Then COVID forced months-long shutdowns. The first citation after reopenings was issued in June to Lincoln Road’s Ole Ole which was forced to close for a night since that was its second violation within 12 months. Another citation was issued in September to Tapelia, also on Lincoln Road.
[Remember these two. They also make another appearance later…]
Then, over a two-day period last month from October 22nd to 23rd, there were seven violations issued resulting in three shutdowns. One of the shutdowns was Taverna which, having been cited a third time, had to close for two weekend nights. Taverna was also shut down for one night in December following its second violation.
The latest citations followed a Commission Land Use and Sustainability Committee meeting during which new restrictions for Ocean Drive were discussed. Committee members expressed frustration with enforcement of laws currently on the books. Commissioner Ricky Arriola said. “We know there’s chronic violators… and yet they keep operating and violating our every rule, whether it’s hawking, whether it’s noise, whether it’s fraud, staying open past curfew and yet they stay open, and so until I see better enforcement I’m not going to be favorably disposed to legislation that I don’t think is going to make much of a difference.”
When asked if there was a push on enforcement and if the comments at the Land Use Committee meeting had any impact on that, Berthier said in an email, “Yes and Yes. Your feedback on getting hawked at Aura on LR immediately prompted the Assistant Director of Code to take a walk on LR; while he wasn’t hawked there, he was hawked at other establishments. Additionally, as more businesses reopen we’re seeing our caseload shift from COVID-related complaints to more traditional code complaints.”
Was there an effort to go lighter during the recovery period when restaurants were reopening? Berthier responded, “Yes.” The first priority, she said, was getting businesses reopened and operating in a safe manner. “A three-prong approach consisting of Education/Outreach, Inspection/Guidance, and Monitoring/Enforcement was undertaken early on,” she wrote in an email.
“However, the code of conduct has never been waived nor have we been lenient on enforcement,” she emphasized. “It’s just a matter of logistics and staffing. Code Compliance has experienced a 140% workload increase since the start of the pandemic and we have many competing/shifting priorities.”
Penalties for violating the code of conduct are $500 for the first violation; $750 for a second violation within the preceding 12 months though the City Manager may also issue an immediate order suspending a sidewalk café permit for at least 24 hours, the clause that has been used throughout the past year. A third violation within 12 months includes the suspension of the sidewalk café permit for one weekend (Saturday and Sunday) and a $1,000 fine. The fourth violation in a year results in the revocation of the sidewalk café permit for the remaining portion of the permit year and a $1,250 fine. Operators with more than four violations in a permit year will lose their permit for two years.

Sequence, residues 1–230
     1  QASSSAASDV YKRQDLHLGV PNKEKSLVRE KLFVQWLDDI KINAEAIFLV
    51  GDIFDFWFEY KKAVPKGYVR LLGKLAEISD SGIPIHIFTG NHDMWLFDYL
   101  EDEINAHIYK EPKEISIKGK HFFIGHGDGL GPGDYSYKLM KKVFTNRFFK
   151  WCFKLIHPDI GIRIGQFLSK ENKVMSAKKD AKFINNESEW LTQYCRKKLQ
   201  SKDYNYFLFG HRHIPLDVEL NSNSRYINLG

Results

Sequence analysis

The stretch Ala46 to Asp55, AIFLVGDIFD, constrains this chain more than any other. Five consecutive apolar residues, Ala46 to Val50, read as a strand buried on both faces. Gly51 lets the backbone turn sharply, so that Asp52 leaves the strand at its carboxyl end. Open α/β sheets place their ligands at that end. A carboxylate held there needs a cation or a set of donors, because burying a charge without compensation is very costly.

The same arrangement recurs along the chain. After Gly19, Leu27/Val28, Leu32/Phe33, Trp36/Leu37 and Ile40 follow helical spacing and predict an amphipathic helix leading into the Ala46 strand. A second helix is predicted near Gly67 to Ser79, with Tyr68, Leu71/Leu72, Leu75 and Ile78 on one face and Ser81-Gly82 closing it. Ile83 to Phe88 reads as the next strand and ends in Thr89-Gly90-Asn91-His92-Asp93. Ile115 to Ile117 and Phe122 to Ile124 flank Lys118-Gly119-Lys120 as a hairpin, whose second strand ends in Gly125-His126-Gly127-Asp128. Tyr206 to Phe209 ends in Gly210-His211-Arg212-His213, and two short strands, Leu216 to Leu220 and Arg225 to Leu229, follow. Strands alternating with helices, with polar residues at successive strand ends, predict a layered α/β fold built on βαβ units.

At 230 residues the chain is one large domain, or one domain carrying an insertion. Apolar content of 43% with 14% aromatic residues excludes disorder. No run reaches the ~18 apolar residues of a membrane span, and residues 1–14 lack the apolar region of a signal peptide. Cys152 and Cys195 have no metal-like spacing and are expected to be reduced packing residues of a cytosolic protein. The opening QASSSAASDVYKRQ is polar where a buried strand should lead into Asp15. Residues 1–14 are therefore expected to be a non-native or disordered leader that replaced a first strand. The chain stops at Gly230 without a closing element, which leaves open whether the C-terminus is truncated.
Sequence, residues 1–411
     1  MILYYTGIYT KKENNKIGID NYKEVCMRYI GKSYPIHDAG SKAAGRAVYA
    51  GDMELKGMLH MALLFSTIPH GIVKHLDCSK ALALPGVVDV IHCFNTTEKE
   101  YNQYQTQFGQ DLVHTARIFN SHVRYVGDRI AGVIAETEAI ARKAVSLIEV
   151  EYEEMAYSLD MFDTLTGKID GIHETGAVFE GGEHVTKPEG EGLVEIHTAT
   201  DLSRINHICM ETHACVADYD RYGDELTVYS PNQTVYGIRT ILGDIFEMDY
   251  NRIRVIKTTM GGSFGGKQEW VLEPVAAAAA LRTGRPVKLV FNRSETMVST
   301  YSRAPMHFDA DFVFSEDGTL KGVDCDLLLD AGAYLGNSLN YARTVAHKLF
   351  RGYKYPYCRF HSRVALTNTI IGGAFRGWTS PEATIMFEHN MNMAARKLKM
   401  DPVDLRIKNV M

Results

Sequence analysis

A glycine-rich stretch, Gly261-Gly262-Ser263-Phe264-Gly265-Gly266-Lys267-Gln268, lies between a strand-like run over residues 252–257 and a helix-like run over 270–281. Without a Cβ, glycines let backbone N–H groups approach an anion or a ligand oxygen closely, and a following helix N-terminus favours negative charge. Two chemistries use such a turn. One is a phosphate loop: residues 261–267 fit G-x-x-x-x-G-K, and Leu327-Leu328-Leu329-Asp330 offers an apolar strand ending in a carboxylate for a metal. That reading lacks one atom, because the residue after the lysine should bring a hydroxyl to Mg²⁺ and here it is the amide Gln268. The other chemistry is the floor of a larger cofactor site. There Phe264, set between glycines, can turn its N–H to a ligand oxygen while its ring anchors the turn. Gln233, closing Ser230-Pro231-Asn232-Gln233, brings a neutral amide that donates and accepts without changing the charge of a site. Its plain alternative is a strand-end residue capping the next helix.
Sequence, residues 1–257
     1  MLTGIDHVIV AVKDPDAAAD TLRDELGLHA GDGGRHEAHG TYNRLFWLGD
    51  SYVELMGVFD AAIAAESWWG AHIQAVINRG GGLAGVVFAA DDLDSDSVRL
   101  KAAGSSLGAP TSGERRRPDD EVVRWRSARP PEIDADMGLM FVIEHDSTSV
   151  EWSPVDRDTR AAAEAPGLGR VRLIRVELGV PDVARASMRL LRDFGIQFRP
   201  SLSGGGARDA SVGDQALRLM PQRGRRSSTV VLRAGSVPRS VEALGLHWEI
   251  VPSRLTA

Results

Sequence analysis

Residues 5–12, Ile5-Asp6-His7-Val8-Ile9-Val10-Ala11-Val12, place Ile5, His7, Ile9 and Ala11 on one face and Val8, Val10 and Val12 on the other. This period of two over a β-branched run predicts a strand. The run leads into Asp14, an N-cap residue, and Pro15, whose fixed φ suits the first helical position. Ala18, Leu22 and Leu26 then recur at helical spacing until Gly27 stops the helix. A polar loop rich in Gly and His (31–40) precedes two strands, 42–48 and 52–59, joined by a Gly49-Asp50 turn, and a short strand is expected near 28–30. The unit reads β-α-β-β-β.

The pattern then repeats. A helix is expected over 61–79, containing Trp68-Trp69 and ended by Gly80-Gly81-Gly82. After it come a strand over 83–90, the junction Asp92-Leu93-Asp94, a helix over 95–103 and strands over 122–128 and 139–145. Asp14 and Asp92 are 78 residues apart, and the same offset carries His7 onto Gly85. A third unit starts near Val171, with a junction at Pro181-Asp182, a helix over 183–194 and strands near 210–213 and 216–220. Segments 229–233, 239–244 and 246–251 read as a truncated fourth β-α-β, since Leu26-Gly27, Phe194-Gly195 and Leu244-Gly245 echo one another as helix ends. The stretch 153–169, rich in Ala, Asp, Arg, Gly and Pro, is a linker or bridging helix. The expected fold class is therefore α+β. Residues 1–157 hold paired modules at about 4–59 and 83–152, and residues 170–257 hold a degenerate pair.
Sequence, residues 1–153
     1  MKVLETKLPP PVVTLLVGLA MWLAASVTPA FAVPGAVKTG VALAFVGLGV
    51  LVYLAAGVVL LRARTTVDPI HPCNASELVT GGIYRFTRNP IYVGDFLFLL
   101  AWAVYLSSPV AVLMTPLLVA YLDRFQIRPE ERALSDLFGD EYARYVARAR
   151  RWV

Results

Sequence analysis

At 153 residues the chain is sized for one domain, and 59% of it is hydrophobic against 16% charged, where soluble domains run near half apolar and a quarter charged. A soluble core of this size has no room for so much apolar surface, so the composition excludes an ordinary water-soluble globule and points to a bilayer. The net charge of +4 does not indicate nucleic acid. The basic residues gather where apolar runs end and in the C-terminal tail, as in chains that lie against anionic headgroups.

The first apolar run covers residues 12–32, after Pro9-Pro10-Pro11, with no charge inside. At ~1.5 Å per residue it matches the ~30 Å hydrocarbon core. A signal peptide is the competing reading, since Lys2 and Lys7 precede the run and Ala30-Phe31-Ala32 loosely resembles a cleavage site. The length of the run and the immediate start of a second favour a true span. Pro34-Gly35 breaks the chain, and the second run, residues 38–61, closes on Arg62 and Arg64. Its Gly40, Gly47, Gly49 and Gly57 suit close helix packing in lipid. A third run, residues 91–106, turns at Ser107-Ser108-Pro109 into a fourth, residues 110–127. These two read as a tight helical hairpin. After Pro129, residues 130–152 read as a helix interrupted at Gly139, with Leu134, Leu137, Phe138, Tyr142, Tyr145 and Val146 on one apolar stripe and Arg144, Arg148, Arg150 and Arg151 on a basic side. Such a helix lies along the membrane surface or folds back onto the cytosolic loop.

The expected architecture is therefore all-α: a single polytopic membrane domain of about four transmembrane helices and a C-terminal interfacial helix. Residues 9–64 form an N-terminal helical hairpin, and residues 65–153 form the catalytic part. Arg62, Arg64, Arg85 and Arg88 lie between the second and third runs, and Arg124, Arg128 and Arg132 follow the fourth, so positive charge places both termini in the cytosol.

The rolling twelve months made a difference for two restaurants. Kantina and Carlyle Café, both on Ocean Drive, were cited on October 13, 2019 and again on January 4, 2020. Violations issued on October 22, 2020 would have been the third for each of them if the timing had been ten days earlier. Instead, the first violation rolled off, making the citation on the 22nd another second violation.
If Mayor Gelber has his way, those penalties will get a lot stricter. He’s proposed a new ordinance coming before the City Commission this week that would, upon a second violation of the Code of Conduct within the preceding 12 months, require the violator to stop all sidewalk café business operations at midnight each day until the City Manager approves an operation plan detailing how the operator will correct the violations. In addition to hawking, the Code of Conduct prohibits 2-for-1 specials signs and requires gratuities to be separately itemized, among other things.
back to where we startedAs I was finishing up this story last night, the Fitbit was nagging me, so I headed out for Lincoln Road walking west to east. Just as I was thinking how nice and quiet things were, I got to the 600 block where the hostess from Ole Ole Steakhouse started the menu hawking routine.
Turning around at Washington and heading back, the host at Tapelia in the 500-block tried to push their menu.
[Wait. The umbrella at Ole Ole also had the Tapelia logo on it. Note to self: Check on ownership.*]
And then, Aura.
The same guy who hawked me a few days after the “WRONG, HONEY” incident, approaches with the sales pitch. This time, exasperated, my thoughts just come tumbling out…
“Really, dude? We’ve already had this conversation. You’re not allowed to do that!”
Hawking as we know it... still not dead on Miami Beach.
*Ole Ole and Tapelia, while owned by different LLCs, share the same registered agent and managing member.